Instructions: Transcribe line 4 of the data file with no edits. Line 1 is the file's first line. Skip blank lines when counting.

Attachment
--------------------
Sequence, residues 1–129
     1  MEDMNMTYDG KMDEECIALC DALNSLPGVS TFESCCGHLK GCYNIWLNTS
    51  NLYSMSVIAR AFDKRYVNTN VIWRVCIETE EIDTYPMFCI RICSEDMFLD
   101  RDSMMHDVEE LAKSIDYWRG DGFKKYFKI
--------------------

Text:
   101  RDSMMHDVEE LAKSIDYWRG DGFKKYFKI